Harvard’s First Rebellion Involved Butter

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Look out for flying crockery.
Look out for flying crockery.

The Harvard Gazette reflects upon the university’s long tradition of rebellion, beginning with a butter uprising: "Harvard’s era of dissent began with the Great Butter Rebellion of 1766. It was the first known student protest on an American campus and for a time led to half the student body being suspended. Asa Dunbar, Henry David Thoreau’s grandfather, was the first to protest that College butter"…ahem…"stinketh."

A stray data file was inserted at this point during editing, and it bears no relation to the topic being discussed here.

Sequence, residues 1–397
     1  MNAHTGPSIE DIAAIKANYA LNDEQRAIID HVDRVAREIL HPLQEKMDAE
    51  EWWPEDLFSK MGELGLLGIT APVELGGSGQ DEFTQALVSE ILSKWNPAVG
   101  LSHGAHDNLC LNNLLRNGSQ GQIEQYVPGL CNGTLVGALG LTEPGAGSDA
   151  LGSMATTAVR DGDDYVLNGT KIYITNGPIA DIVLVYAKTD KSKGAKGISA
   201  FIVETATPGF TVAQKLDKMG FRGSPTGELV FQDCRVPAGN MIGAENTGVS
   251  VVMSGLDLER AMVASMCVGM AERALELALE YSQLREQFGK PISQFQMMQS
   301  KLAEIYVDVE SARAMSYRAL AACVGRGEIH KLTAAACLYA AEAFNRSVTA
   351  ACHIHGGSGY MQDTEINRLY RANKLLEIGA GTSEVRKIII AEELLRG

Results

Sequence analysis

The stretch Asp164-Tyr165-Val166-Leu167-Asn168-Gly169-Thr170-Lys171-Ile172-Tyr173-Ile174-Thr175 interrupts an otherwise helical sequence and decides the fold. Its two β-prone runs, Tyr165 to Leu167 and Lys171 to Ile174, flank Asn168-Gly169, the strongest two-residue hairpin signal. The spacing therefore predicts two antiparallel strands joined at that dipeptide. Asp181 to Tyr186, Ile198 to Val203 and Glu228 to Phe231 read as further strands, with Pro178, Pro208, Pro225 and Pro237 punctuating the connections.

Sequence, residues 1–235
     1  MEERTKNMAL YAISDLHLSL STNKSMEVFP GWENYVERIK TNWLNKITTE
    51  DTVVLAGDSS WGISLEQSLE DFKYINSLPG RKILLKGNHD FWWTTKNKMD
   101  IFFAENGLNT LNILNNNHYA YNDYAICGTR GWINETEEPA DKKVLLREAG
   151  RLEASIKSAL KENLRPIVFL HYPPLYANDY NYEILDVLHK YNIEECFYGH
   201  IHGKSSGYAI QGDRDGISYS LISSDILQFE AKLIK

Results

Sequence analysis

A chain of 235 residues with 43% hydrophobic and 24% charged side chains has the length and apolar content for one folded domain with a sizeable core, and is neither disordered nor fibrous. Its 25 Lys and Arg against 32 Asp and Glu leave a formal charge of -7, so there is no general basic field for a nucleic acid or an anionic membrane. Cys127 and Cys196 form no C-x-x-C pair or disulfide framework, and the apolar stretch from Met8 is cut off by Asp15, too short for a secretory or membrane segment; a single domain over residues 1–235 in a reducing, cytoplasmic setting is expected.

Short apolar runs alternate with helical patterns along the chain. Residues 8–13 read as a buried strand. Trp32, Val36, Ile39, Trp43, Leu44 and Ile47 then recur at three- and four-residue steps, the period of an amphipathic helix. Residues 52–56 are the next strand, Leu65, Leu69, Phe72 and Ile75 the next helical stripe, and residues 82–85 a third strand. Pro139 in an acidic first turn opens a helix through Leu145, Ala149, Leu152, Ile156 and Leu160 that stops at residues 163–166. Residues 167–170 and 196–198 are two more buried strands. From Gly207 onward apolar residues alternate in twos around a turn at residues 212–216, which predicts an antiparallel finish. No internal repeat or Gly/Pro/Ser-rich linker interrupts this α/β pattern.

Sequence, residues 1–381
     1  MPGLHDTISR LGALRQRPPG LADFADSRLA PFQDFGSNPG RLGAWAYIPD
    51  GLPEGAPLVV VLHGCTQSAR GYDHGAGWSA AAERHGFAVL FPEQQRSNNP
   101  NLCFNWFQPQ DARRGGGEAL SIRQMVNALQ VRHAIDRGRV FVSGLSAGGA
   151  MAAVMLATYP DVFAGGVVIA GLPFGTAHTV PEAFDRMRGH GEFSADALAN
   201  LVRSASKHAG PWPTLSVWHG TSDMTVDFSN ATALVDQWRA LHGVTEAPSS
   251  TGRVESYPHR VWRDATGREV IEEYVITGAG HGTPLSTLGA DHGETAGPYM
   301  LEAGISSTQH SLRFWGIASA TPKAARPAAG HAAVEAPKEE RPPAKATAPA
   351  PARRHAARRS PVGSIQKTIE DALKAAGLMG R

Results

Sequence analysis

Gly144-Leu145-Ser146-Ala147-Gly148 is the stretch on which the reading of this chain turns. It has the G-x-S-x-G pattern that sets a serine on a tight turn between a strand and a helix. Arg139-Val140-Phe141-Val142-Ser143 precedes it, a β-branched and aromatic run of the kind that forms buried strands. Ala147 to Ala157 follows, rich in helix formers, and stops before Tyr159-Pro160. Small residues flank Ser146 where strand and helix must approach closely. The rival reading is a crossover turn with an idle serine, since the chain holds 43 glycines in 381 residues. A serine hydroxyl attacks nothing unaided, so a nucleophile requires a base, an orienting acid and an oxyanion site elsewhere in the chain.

Look out for flying crockery.
Look out for flying crockery.

Later, in 1818, a wild food fight broke out and was chronicled in rhyme by clever scholar Augustus Peirce in Rebelliad:

“And thus arose a fearful battle,”
The coffee cups and saucers rattle;
The bread-bowls fly at woful rate,
And break many a learned pate.”

Earlier that year, a violent brawl involving crockery also occurred. Apparently dorm food was crap, even then!

Harvard’s Long Ago Student Risings [Gazette]